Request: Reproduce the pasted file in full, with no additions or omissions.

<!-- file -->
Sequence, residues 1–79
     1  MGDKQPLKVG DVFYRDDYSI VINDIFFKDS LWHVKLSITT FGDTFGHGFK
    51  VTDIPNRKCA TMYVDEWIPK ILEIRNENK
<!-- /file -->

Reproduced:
Sequence, residues 1–79
     1  MGDKQPLKVG DVFYRDDYSI VINDIFFKDS LWHVKLSITT FGDTFGHGFK
    51  VTDIPNRKCA TMYVDEWIPK ILEIRNENK